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December 2003

Tru Calling:

What a Difference a Day Makes

The Fox TV Network has buried Tru Calling - one of the most unique new programs of the 2003-2004 season, on Thursday nights at 8:00 pm. This is the kill-or-be-killed slot where CBS airs the umpteenth edition of Survivor and NBC tries desperately to squeeze one more season of comic-gold out of the dry-well called Friends. Because of the schedule, large audiences haven't yet discovered this strange genre series, and thus far Tru Calling scores only about 3.8 million viewers a week. That's a shame, because the first four episodes reveal hints of a concept that might evolve into something special given a little time and imagination. Of course, such a glorious future assumes that producer John Harmon Feldman and his stable of writers can aggressively move beyond the show's heretofore rigidly formulaic plots and begin to explore the vagaries of time, free will, pre-destination and other unique philosophical concepts.

The central thesis of Tru Calling is actually pretty good, though critics have been quick to compare it with Early Edition and last year's dead-on-arrival UPN flop, Haunted. The series concerns a young woman named Tru, portrayed by the intense and compelling Eliza Dushku. Tru's mother was murdered ten years ago under mysterious circumstances and now her surviving family, consisting of a coke-addled sister (Jessica Collins) and a loser of a brother (Shawn Reeves), seems woefully rudderless and dysfunctional. And Tru has some issues of her own. In particular, when corpses are wheeled into the morgue where she interns, they tend to open their dead eyes and request help. And how does that help manifest itself? Oddly, Tru finds herself reliving the twenty-four hours leading up to their deaths. Though she was unable to rescue her mother a decade earlier, Tru now makes amends by saving others.

Some in the media have aptly tagged Tru Calling's format as a variation on the Bill Murray comedy, Ground Hog's Day, but the series only wishes it were that inspired. Instead, the show teeters precipitously on the edge of becoming as repetitive and absurd as Murder, She Wrote or, to call up a genre example, Friday the 13th: The Series. In both cases, every nuance and plot point repeated themselves in every episode - ad nauseum. In Murder, She Wrote, Jessica Fletcher always saw a friend or family member accused of murder and solved the crime. In Friday the 13th: The Series, a trio of antique dealers recovered cursed items from their haunted shop, week-in and week-out for three years.

In Tru Calling, the rigidly repetitive format is irksome. Tru awakens, leads a normal day, learns something useful to her brother or sister, then heads to the morgue for the late shift. At the morgue, a corpse asks for help, and the clock rolls back twenty-four hours. Knowing the future, Tru puzzles through a mystery, always involving a last-minute twist. At the same time, she provides the necessary data that helps her siblings evade crises, like a random drug test.. After four weeks of the same story, intrepid viewers can anticipate the plot-twists down to the minute, despite a rambunctious energy-level and go-for-broke pace that outshines ABC's fading Alias. The result of this repetition is inevitably boredom.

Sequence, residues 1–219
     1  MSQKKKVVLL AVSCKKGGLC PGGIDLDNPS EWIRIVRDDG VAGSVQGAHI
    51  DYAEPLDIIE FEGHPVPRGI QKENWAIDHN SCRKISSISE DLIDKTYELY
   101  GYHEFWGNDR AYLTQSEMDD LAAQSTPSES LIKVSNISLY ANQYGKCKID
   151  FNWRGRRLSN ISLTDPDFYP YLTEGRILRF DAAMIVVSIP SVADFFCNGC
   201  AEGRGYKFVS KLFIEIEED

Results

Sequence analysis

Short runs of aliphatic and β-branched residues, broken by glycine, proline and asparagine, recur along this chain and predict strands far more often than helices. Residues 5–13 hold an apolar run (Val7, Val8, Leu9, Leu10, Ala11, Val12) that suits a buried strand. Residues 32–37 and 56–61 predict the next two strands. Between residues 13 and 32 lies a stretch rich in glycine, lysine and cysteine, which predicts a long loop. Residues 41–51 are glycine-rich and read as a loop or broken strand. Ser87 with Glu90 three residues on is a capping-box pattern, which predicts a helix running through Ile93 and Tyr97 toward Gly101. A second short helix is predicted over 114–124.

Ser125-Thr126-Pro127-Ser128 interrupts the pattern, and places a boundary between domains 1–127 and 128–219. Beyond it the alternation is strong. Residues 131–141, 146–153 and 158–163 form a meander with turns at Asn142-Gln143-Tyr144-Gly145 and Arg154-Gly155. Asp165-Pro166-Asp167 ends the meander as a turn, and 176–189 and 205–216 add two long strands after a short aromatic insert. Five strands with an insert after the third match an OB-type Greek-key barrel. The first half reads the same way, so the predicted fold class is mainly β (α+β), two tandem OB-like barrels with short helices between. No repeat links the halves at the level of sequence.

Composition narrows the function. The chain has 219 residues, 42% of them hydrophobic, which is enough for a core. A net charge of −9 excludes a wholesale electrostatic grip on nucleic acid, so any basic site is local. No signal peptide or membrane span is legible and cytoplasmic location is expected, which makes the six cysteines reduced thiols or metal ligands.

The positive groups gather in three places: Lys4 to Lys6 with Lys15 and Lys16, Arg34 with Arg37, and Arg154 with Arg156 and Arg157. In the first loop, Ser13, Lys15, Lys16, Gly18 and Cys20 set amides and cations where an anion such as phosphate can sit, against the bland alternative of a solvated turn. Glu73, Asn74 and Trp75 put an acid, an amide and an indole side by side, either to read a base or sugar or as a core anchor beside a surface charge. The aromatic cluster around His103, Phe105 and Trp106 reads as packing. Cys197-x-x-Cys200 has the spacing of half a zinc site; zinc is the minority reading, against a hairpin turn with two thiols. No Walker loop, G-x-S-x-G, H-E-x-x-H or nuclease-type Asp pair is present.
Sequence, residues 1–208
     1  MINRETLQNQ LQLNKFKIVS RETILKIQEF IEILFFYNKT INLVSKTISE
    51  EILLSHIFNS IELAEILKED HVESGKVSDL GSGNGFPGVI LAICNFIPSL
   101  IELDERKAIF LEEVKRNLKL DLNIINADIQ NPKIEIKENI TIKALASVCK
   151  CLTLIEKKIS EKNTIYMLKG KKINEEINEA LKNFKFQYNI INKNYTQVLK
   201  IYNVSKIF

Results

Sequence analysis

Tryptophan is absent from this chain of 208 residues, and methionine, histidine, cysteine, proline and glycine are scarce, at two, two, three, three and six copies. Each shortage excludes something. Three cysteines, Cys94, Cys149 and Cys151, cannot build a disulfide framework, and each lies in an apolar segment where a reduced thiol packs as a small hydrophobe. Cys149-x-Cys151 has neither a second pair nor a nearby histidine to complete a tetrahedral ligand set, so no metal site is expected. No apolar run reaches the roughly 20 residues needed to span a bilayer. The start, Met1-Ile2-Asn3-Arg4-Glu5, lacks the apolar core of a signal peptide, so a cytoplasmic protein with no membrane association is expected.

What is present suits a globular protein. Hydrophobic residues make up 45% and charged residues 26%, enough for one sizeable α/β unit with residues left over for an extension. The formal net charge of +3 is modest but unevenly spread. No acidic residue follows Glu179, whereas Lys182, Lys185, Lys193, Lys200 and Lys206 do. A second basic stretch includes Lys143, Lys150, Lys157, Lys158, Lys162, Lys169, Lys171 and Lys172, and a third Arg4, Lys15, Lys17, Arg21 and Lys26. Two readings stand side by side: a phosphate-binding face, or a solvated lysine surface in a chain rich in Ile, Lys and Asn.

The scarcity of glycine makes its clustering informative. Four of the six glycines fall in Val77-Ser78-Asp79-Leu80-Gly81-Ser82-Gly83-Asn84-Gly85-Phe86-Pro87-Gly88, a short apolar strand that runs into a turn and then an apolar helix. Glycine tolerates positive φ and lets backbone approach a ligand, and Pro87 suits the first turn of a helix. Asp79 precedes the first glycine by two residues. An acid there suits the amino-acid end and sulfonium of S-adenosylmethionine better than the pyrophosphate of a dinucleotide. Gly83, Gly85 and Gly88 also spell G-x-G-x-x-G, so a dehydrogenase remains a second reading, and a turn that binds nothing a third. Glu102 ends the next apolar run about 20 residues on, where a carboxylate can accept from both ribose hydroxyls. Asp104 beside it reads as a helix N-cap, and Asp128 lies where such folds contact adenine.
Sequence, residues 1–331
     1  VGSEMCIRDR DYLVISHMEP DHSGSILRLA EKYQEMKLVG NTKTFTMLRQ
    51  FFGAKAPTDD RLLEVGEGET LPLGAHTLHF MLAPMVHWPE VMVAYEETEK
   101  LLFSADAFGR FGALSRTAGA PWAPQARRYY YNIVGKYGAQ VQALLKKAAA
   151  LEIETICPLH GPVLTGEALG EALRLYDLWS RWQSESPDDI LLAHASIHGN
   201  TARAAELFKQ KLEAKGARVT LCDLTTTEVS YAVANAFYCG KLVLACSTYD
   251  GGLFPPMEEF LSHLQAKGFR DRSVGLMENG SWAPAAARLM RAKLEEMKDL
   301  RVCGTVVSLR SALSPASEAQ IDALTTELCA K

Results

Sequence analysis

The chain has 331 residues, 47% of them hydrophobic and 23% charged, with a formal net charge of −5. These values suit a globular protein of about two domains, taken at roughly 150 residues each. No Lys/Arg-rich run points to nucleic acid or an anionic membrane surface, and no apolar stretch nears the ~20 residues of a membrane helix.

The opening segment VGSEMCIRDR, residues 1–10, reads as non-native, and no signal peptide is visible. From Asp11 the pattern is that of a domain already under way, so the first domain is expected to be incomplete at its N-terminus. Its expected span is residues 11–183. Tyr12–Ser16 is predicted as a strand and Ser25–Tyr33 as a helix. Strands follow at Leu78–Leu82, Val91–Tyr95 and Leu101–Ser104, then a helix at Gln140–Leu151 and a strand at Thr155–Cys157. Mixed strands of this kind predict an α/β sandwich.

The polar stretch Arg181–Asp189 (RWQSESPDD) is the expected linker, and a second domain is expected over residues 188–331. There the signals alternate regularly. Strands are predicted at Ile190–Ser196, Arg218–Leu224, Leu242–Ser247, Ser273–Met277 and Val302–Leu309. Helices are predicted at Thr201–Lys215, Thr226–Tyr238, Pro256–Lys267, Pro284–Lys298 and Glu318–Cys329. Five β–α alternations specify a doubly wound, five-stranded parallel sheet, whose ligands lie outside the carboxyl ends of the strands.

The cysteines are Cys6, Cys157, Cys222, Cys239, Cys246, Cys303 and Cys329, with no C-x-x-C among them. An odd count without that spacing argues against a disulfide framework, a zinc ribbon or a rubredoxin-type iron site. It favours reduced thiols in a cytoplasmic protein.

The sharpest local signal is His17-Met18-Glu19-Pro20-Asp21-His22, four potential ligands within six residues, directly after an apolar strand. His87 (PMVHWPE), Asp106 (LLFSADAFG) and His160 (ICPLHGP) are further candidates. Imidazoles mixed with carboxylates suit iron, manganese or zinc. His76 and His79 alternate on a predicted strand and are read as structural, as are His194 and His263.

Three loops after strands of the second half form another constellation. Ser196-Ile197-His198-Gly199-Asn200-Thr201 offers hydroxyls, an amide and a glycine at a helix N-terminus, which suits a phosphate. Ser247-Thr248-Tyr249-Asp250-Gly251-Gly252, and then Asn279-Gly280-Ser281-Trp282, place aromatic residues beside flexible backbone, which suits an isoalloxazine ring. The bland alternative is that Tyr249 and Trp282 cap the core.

However, Tru Calling is still young. At this point, it is necessary to reinforce the bizarre, highly-stylized and repetitive format until viewers become familiar with it. Because then and only then can the show achieve its true (or Tru) potential. How? By breaking the rules it has so rigorously established in these early episodes. In doing so, if the show lasts that long, this series could become something brilliant. Consider the following questions. What if Tru were to relive a day and save one person, but her actions cause the deaths of ten other people? What if Tru were to save the life of a fellow who then goes on to harm innocent people, a rapist or a serial killer? What if on the way to rescue some poor soul she ends up trapped in an elevator during a black-out and her opportunity is wasted?

More to the point, as Tru continues her temporal odyssey, the character must start questioning the very order of things; of fate, nature and God. What power permits her to relive time? Does it have a purpose? What is that purpose and why has it selected her as its instrument? By interfering in the fate of others, is Tru serving destiny or obstructing it?

And, here's another cool notion. What if somebody else boasts the same powers as Tru, but his or her temporal "rescues" interfere with hers? And, must not the cosmic scales be balanced? If one person is saved by Tru, does another person have to die?

When clever writers stretch the format and begin asking - and answering, this multitude of questions, Tru Calling will really become a lot of fun. The "relive a day/safe a life" formula is already stale, but if the scribes examine the notions and conceits underlying their strange formula and stop taking it at face value, they may find room for surprisingly imaginative stories and plots that deal with the very nature of human existence.

But they better hurry! The Thanksgiving issue of TV Guide placed Tru Calling on the "Endangered Species List" despite the fact Fox ordered a full season of episodes. Let's hope that in the last half of the season, Tru questions her gift a little more and delves deeper into the mysteries surrounding it. Because as formulaic as it is, Tru Calling remains the only new genre program in the post-Buffy, post-Firefly, post-Farscape age with even a sliver of potential.

And network executives, unlike the power fueling Tru's temporal adventures, are notorious for not permitting second chances...

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